A Look Into Sexual Harassment on Campus

by Marissa Scales, Isabella Fishbough, and Zarai Travis-Batalla

After hearing all of these people on our televisions, movies, and even in the news talking about sexual assault happening just about everywhere, it made us wonder if this goes on in our school and what happens if and when it does. We interviewed an on-campus officer, teachers, and administrators to uncover the process when a sexual harassment claim is presented on campus. The initial claim, whoever it is brought to, has to be reported to the SAFE coordinator, where the case is dealt with. If it ends up becoming a serious case, the authorities are contacted and a police report is filed. But that still leaves us with the question of if, and how often, this happens in our school; so we asked some students and faculty.

When we interviewed many students on the topic of sexual harassment, they all seemed to answer one question the same: “it’s never the victim’s fault.” But what causes the actual assault? Many of them often said “it’s people looking for some kind of attention” or “selfish desire.” Almost all of the female students we interviewed had said they had been sexually harassed either physically or verbally, on and off campus. None of the male students we had interviewed had said they have never been physically or verbally assaulted on or off school campus. But every student agreed that sexual harassment–whether it be verbal or physical–is a serious topic and should not be taken lightly. A few female students– Alejandra Sanabria, Zayna Salahuddin, Gabrielle Flores, and Maria Martinez–had said there was more verbal harassment in middle school, while in high school they hadn’t even seen or heard anything about it.

Many teachers and admin have said it is because students have not been educated on what is, and what isn’t respectful and correct behavior. Mrs. Munoz even said that sexual harassment is caused by “students feeling entitled.” Others, like Dean Torres have said it has to do with women being objectified through different cultures and the “gender issue of women not being accepted.” Many of the admin we interviewed had said that no one had reported any sexual assault or harassment cases this year. Mr. Whittaker had said that he had heard both verbal and physical sexual harassment going on in school from previous years; he said that it’s caused by students that “don’t know how to keep their thoughts or hands to themselves.”  

On campus security, Officer Engstrom, hasn’t been at Freedom for very long and hasn’t had any cases on this campus reported to him. He did say that when students are going to the same school and are being sexually harassed, students will “Go to SAFE coordinator, and there is a no-contact contract put in place as well as a complete schedule change if they have the same lunch or any of the same classes.” Although Officer Engstrom has not seen nor heard of any cases this past school year, he does know of the cases on college campuses like UCF, and because of that, he sees sexual harassment cases more with young adults and not minors. “Majority are false allegations so we have to treat real cases as the false ones when we investigate…” said Officer Engstrom.

Some of the deans, like Mr. Youtz and Mr. Walker, wouldn’t answer some of the questions that were asked. Youtz had said that the information was “confidential” and that he “didn’t feel comfortable answering” our questions. This is a very sensitive topic, so it is understandable why some people would be uncomfortable. Although, when we tried asking Mr. Walker the same questions, he had requested we email them to him, seeing as he didn’t feel comfortable answering these questions in front of students. When we attempted to reach out to him, we never got a reply, the email was sent to him back in December. Now, why might some of our deans and teachers be so unwilling to answer our questions? Again, they might be uncomfortable, but ignoring students when they have tried to interview someone sounds a little suspicious. Yes, these cases must be confidential, but we believe that our admin could do a bit more to answer a few questions and listen to our concerns, especially with cases as serious as this.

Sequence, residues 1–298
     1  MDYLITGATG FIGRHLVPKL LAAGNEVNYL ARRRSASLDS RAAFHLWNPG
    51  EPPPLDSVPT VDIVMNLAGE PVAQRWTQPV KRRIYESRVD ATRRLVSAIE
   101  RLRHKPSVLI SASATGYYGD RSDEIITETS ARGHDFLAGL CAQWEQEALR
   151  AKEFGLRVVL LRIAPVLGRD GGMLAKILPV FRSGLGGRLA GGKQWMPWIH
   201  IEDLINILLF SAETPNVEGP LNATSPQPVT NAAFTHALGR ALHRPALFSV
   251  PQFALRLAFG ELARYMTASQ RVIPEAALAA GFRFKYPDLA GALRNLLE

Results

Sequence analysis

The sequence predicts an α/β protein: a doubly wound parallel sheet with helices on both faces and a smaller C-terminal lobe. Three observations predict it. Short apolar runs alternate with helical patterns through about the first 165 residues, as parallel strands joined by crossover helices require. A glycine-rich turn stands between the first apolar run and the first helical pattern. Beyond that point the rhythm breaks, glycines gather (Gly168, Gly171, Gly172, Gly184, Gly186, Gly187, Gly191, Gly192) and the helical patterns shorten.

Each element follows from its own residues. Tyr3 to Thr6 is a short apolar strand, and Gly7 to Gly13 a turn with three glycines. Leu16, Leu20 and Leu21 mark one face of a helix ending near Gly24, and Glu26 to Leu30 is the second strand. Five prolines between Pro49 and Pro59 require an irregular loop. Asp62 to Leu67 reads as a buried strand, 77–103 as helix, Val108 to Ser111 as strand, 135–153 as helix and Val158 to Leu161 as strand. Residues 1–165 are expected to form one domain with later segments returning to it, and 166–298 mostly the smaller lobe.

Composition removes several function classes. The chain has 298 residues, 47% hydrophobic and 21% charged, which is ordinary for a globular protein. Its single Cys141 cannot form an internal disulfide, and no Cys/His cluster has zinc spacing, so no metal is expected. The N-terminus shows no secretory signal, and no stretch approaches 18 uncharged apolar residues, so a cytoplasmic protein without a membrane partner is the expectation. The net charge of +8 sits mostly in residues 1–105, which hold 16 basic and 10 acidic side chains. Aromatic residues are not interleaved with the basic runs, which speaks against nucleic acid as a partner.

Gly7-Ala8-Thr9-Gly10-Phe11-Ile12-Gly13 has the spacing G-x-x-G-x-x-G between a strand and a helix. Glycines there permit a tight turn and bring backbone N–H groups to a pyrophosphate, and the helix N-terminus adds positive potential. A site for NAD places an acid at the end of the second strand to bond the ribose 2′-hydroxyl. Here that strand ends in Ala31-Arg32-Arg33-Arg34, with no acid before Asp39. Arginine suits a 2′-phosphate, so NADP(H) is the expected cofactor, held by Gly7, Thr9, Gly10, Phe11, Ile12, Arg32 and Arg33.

Nearly all of the admin we had interviewed or spoken to had said that the case had to be brought to the SAFE coordinator: Ms. Griffin. Although we had not interviewed her in person, seeing as she’s constantly all around campus, she did tell us that, “Sexual harassment is a discipline issue that is usually initiated with a witness statement.” This was something we had already known, but she also added that she didn’t have most of the information we were asking for. Everyone else had said that the SAFE coordinator was who we should see to get our information from and where all sexual harassment cases were brought to.

From what we had found, no sexual harassment cases have been reported this school year. Although reports have not been made, that doesn’t mean instances like this don’t occur. According to RAINN and the National Sexual Assault Hotline, an American is sexually assaulted every 98 seconds. Crimes like this need to be stopped. Luckily, Freedom has the necessary steps to prevent this from happening, and to punish the harasser. Even so, cases like this occur all the time and some victims or witnesses are too afraid to speak up. Don’t be afraid, please speak up, and if you are a bystander seeing the events leading up to or the actual incident, please do not stand by. Sexual harassment has plagued not only our schools, but our country for too long, enough is enough.